Fresh from Peru: "Blessed with low labor costs, a special exemption from U.S. import duties and an ideal climate that produces high yields and allows harvesting year-round, Peruvian asparagus growers are on their way to putting U.S. farmers out of business. While the rise of Peruvian asparagus has proved a boon to U.S. consumers and Peruvian farmers and their workers, it illustrates how free trade has both its winners and losers. There were 18,920 asparagus farms in Peru in 2002, according to the government, in the coastal states of La Libertad, Ancash, Lima and Ica. In all, the asparagus industry employs 50,000 workers." Miami Herald Another crop that holds potential for export income and rural development, at least on the coast. I can remember 20 years ago speaking to development experts who said that this was the direction to go for Peru, but the market environment was not right -- subsidies and title constraints meant that farmers kept growing sugar, which is water intensive.

Another "Lost Crop of the Inca" makes headlines

Root from Peru holds hope for dieters, diabetics: "Yacon, which is native to an Andean region stretching from Venezuela to northern Argentina, has a crunchy texture like a water chestnut and is refreshingly sweet and juicy. Left in the sun, its sweetness intensifies, and it can be eaten as a fruit, consumed in drinks, syrups, cakes or pickles or in stir-fries. Though packed with sugar, its principal appeal to the health conscious lies in the fact that the sugar in question is mainly oligofructose, which cannot be absorbed by the body. That means yacon is naturally low-calorie -- a jar of yacon syrup contains half the calories as a same-sized jar of honey -- and its sugar does not raise blood glucose levels." Reuters AlertNet The International Potato Center (CIP), where I used to work, has been researching for 20 years to get some of the marginal Andean root and tuber crops back into the agricultural mainstream.

Saturday, November 22

Peruvian football players claim they are owed $800,000 in back salaries Global: Striking Peruvian players seize stadium: "Peru midfielder Nolberto Solano, who plays for English premier league Newcastle United, said he sympathised with the players. 'When you're a professional and have a contract, it should be respected,' he told RPP radio in an interview from England. 'But in Peru, they do what they want to the players. It's time for Peruvian footballers to be respected.'" ESPNSoccerNet / Retuers This story is two-weeks old, but I chanced across it. The fact that players are often shafted is not new. The clubs have been impoverished, even the elite ones like Universitario and Alianza Lima. They frequently have incompetent management. The best players are just hoping that they will be noticed by a foreign team and taken abroad. An impoverished pro league means that your chances of fielding a good World Cup team are minimal.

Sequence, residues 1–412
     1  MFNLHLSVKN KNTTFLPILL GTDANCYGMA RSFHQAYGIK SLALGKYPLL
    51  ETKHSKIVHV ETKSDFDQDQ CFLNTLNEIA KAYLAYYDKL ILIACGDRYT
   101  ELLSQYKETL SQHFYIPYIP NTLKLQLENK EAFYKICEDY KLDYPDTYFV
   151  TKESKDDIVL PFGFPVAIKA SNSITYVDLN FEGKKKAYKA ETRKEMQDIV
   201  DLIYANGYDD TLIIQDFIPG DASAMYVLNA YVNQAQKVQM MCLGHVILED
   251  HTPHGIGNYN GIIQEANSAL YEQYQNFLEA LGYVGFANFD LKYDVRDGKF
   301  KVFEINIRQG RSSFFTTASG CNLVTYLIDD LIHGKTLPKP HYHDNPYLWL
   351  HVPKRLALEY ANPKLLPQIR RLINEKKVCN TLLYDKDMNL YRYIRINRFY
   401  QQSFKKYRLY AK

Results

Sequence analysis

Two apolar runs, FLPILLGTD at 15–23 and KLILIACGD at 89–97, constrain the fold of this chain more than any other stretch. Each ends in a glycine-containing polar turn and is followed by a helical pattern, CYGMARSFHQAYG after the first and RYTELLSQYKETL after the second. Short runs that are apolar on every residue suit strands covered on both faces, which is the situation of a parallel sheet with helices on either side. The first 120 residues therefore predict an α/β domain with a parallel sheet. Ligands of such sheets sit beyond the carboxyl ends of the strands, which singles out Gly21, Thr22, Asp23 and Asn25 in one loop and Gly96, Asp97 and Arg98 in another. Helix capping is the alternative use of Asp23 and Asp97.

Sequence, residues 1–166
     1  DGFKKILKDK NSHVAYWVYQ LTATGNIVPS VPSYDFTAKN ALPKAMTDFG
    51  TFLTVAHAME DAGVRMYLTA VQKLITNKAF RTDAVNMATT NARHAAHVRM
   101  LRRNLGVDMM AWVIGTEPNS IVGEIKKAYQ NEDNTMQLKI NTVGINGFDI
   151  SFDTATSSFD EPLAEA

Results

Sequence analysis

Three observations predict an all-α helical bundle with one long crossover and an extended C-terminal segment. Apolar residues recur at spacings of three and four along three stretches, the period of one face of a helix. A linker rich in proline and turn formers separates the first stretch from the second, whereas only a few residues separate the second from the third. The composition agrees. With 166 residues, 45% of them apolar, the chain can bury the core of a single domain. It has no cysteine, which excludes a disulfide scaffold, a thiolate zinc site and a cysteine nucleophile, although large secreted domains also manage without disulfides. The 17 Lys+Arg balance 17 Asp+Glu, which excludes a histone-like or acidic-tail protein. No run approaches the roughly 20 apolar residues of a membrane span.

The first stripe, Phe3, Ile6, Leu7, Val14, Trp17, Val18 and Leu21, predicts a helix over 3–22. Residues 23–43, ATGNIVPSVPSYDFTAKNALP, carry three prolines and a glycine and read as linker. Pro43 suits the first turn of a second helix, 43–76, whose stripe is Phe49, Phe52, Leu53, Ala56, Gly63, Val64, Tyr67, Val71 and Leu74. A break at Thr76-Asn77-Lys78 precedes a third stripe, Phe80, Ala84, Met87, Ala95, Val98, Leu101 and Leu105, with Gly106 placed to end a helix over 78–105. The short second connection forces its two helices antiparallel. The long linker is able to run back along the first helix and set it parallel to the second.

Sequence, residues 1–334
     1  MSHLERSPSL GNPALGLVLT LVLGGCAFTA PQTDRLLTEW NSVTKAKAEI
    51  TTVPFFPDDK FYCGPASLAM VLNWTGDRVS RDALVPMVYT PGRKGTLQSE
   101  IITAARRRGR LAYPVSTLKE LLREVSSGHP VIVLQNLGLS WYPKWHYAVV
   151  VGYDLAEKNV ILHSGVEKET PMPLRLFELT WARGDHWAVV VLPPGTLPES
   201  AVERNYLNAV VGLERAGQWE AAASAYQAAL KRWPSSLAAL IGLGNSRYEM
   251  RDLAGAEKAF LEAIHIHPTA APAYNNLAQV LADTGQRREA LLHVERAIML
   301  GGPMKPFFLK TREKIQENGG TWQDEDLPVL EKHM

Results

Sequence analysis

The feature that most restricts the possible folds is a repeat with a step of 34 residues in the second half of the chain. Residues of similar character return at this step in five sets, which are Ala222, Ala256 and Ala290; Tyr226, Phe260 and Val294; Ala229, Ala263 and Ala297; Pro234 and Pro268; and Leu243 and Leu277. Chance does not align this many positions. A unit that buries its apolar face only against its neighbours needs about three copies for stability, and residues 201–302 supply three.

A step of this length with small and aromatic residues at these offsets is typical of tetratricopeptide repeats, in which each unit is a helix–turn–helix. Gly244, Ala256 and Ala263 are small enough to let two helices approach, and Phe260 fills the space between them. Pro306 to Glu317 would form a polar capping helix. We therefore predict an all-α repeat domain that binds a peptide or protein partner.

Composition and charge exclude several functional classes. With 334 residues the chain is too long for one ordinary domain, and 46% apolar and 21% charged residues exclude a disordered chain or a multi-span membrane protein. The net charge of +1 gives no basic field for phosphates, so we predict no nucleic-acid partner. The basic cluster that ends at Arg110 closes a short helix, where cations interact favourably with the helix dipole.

At 2,800 meters above sea level, Peru survives a tough match Global: Peru 0-0 Ecuador: Quito stalemate: "The draw left Peru with five points from four games in the South American group after their second draw in four days. Ecuador have four points." SoccerNet / Reuters So far Peru has been dodging bullets. Only one loss, and they've actually surprised in the rest of the games. Because the World Cup elimination round is a really long process, you want to avoid loss and at least steal a tie in away games. And when you play Brazil at home, be glad that you got a tie. I am surprised by the number of people checking out my football page. Looks like the relative success is sparking some curiosity.

Toledo apologizes for abuses during fight against Sendero

Peru plans reparations for rights abuse victims of military in war against Shining Path: "Toledo promised to incorporate the commission's key findings into school textbooks and declared Dec. 10 'National Reconciliation Day.' He also said that the Attorney General's Office and the judiciary will bring to justice those members of the security forces who committed 'painful excesses' while cracking down on the Shining Path." Albuquerque Tribune / AP Apologies are cheap, just like campaign promises, so it's doubtful if the people that suffered during the fighting will feel better.

Monday, November 17

IMF gives passing grade to Peruvian economic policy

The International Monetary Fund has issued its report card on Peru, "Third Review Under the Stand-By Arrangement--Staff Report." Its online version is in Adobe Acrobat format, 1.75 megabyte (hope you have a high-speed connection). It is 59 pages long with lots of tables, graphs, footnotes and appendixes. The report says "good progress has been made." Enjoy the reading.

Peru ties Brazil in homefield match

Solano gives Peru draw to Brazil: "Brazil had chances to wrap up the game as they ran Peru ragged before halftime. But the home team, coached by Brazilian Paulo Autuori, fought their way back into the game after the break and Brazil were ultimately grateful for a point." ESPNSoccernet / Reuters Peru has never defeated Brazil in a World-Cup qualifying match.

Peruvian flicks draw attention in Miami festival